• Bayesian Skyline Plots;
  • Iberian Peninsula;
  • Lissotriton boscai;
  • mitochondrial DNA;
  • nested clade analysis;
  • phylogeography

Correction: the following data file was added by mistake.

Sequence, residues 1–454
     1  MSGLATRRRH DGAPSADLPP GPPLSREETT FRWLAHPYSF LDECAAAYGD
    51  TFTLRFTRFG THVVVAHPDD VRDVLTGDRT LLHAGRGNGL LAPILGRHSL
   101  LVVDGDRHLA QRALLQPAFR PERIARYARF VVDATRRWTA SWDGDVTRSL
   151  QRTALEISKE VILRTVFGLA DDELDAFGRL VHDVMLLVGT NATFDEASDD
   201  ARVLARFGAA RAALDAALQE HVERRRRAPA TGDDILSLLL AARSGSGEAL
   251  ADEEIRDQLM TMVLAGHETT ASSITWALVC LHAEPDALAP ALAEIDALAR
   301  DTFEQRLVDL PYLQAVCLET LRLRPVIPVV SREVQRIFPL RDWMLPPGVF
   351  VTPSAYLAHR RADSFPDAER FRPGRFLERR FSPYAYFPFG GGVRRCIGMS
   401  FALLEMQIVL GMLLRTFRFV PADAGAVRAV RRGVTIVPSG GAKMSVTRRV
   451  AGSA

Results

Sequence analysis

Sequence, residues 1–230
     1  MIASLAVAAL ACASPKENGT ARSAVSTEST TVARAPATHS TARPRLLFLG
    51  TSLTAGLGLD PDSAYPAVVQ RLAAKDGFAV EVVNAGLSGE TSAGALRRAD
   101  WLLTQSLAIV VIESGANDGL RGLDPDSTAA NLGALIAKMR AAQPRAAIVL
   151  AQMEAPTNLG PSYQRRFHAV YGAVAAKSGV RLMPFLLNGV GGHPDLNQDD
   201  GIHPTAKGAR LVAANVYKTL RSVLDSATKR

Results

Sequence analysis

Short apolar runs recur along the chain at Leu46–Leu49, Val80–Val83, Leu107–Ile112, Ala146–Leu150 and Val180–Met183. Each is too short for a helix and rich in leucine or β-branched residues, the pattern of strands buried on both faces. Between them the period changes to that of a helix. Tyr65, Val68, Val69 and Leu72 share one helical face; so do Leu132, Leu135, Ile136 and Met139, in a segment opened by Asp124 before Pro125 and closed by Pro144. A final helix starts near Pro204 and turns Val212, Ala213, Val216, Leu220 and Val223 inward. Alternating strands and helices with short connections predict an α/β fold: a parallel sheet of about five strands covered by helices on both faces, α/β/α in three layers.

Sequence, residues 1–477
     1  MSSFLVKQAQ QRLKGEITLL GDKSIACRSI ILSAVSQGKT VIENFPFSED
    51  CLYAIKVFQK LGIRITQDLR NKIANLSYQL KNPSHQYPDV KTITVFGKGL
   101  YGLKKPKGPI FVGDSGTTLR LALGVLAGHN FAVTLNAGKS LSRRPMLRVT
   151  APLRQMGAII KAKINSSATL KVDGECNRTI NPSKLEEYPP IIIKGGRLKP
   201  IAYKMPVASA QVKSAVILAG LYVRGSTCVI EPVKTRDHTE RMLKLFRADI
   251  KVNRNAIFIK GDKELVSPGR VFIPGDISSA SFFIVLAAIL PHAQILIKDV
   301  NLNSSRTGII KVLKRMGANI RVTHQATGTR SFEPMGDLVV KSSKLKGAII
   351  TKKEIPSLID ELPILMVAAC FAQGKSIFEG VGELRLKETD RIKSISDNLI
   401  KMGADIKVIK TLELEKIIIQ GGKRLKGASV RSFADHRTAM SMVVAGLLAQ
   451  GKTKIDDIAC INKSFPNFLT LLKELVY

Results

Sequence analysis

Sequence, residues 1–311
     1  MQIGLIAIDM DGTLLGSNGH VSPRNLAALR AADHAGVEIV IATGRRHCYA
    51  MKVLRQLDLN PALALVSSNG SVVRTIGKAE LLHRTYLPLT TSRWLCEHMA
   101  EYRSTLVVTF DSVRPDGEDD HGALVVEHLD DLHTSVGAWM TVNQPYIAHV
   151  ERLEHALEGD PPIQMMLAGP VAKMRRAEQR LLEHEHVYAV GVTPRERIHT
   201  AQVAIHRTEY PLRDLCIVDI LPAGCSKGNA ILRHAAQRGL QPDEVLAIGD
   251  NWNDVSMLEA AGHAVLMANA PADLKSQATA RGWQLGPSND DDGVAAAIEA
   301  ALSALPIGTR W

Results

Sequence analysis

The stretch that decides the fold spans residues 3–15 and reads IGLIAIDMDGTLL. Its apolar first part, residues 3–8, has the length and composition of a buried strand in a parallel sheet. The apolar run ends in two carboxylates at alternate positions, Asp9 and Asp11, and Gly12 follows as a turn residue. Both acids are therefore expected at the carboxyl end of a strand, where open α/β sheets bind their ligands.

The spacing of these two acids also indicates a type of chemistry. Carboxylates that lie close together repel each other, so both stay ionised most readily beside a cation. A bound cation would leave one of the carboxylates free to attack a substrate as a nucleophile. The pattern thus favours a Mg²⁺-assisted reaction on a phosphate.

In Europe, southern peninsulas served as refugia during cold periods in the Pleistocene, acting both as centres of origin of endemisms and as sources from which formerly glaciated areas were recolonized during interglacial periods. Previous studies have revealed that within the main refugial areas, intraspecific lineages often survived in allopatric refugia. We analysed two mitochondrial markers (nad4, control region, ∼1.4 kb) in 103 individuals representing the entire distribution of Lissotriton boscai, a newt endemic to the western Iberian Peninsula. We inferred the evolutionary history of the species through phylogenetic, phylogeographic and historical demographic analyses. The results revealed unexpected, deep levels of geographically structured genetic variability. We identified two main evolutionary lineages, each containing three well-supported clades. The first historical split involved populations from central-southwestern coastal Portugal and the ancestor of all the remaining populations around 5.8 million years ago. Both lineages were subsequently fragmented into different population groups between 2.5 and 1.2 million years ago. According to nested clade analysis, at lower hierarchical levels the patterns suggest restricted gene flow with isolation by distance, whereas at higher levels the clades exhibit signatures of contiguous range expansion. Bayesian Skyline Plots show recent bottlenecks, followed by demographic expansions in all lineages. The significant genetic structure found is consistent with long-term survival of populations in allopatric refugia, supporting the ‘refugia-within-refugia’ scenario for southern European peninsulas. The comparison of our results with other co-distributed species highlights the generality of this hypothesis for the Iberian herpetofauna and suggests that Mediterranean refuges had more relevance for the composition and distribution of present biodiversity patterns than currently acknowledged. We briefly discuss the taxonomic and conservation implications of our results.